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Obesity: involving consumers in the definition of new food policies

It is essential for consumers to be closely involved in initial consultative processes on, and then the development of, food policies, in order to restore a form of collective sovereignty over our food choices, and to overcome the failures of consumer sovereignty.

International Farm Machinery Show 2003 in Paris. © INRA, MAITRE Christophe
Updated on 10/08/2013
Published on 09/26/2013

Despite information campaigns, obesity is increasing in France

It is evident that the rise in numbers of overweight and obese individuals is the price we have to pay for the ever-increasing abundance of food. Social inequalities in obesity have to some extent revealed the the trade-offs made by consumers between pleasure and health: why give up promises of “low-cost” food pleasure when the future offers no opportunities and not particularly pleasant living conditions?  The efforts we make to invest in our health, as suggested by the campaigns promoting nutritional guidelines, depend first of all on what we can hope to gain from switching to healthy food habits.
Despite this, governments must not abandon their regulatory ambitions regarding diet and health, by assuming that consumers are sovereign and that the market perfectly satisfies their needs and wants.  In fact, our choices between pleasure and health are often plagued by errors in perception, rationality biases and cognitive limitations.  Food marketing leads us to eat more than we think and need.  The chronic consumption of fatty and sweet products shapes our preferences and conditions our subsequent choices, in the same way as an addiction.  Finally, our dietary environment tips the balance in favour of pleasure and a disfavour of health far more than we would like.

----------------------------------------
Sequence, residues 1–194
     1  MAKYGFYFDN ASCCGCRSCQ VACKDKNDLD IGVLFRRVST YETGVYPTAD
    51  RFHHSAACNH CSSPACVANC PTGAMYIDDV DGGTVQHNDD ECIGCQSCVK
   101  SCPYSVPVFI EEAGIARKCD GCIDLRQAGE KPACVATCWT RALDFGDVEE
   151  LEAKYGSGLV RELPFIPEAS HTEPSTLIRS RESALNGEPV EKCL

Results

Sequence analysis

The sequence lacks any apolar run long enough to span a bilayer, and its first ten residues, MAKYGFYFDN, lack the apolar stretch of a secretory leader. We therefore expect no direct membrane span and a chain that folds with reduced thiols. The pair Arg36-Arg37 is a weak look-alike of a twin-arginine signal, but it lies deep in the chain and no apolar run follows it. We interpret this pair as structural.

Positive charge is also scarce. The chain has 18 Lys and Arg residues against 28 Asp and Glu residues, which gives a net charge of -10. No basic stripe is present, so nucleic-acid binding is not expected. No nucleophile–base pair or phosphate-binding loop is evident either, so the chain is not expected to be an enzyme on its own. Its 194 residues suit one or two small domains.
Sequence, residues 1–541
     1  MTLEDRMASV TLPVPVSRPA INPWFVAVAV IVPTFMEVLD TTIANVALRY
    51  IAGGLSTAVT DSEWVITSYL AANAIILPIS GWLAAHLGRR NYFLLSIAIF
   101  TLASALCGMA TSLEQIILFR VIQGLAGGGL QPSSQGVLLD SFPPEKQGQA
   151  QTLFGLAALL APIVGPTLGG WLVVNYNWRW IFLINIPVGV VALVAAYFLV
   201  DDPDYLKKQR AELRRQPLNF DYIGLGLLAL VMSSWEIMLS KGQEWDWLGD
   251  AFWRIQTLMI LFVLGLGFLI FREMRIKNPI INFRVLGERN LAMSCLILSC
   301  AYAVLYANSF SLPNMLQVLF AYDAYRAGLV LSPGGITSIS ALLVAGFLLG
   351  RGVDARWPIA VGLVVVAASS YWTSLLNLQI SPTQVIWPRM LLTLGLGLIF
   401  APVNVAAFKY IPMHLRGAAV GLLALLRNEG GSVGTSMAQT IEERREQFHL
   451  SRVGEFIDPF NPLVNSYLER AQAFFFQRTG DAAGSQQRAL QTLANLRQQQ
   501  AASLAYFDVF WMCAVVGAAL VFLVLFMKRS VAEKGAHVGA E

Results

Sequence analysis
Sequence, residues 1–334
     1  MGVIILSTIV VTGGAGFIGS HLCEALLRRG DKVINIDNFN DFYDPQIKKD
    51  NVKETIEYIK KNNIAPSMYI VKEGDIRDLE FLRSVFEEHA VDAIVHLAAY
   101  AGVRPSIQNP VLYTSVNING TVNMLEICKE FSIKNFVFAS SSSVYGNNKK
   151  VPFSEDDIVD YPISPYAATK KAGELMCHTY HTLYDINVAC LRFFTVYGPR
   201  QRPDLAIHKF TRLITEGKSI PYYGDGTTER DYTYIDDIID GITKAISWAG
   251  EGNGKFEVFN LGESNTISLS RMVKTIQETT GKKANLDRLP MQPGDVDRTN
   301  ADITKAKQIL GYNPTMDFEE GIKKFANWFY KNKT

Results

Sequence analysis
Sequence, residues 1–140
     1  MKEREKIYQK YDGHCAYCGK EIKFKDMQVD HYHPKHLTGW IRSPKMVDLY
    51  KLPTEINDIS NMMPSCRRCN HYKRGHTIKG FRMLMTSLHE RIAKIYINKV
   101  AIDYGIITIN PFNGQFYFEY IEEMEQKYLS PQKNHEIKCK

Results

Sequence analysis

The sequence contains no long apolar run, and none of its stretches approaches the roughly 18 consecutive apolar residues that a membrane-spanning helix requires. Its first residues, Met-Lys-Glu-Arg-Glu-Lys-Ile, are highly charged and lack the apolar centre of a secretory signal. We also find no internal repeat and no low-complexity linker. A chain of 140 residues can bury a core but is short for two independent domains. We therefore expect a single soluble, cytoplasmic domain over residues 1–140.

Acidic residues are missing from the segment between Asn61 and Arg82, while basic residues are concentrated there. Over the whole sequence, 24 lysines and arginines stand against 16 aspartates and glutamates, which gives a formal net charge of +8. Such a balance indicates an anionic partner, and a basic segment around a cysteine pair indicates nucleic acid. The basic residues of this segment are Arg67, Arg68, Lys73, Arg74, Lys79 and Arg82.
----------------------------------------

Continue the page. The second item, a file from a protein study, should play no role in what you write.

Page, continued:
Different policies are possible

Policies to regulate the dietary environment could be based on four pillars: 1) nutritional labelling using the traffic light system (green-amber-red) depending on the nutritional profile of foods and shown on the front of pre-packaged foods; 2) a redistribution of foods to different levels of VAT as a function of their nutritional profiles, with clear marking of the VAT rate attributed; 3) strict regulation of marketing systems which encourage an increase in the quantities consumed (promotions, advertising that targets children, etc.) and regulation of the architecture of choices in shops and restaurants, and 4) agri-industrial policies that favour the production of foods that are lower in fat, sugar and added salt.
It is urgent to organise a public debate in France on the future we want for our diet.  Because this concerns the choices they make between pleasure and health, It is essential for consumers to be closely involved in the initial consultative processes  and then the development of public policies so that a form of collective sovereignty can be restored regarding our food choices, and thus overcome the failures of consumer sovereignty.

Contact(s)
Scientific contact(s):

  • Fabrice ETILÉ (+33 01 49 59 69 86 ) Nutrition and Social Sciences Research Unit (ALISS) INRA UR 1303
Associated Division(s):
Social Sciences, Agriculture and Food, Rural Development and Environment.
Associated Centre(s):
Versailles-Grignon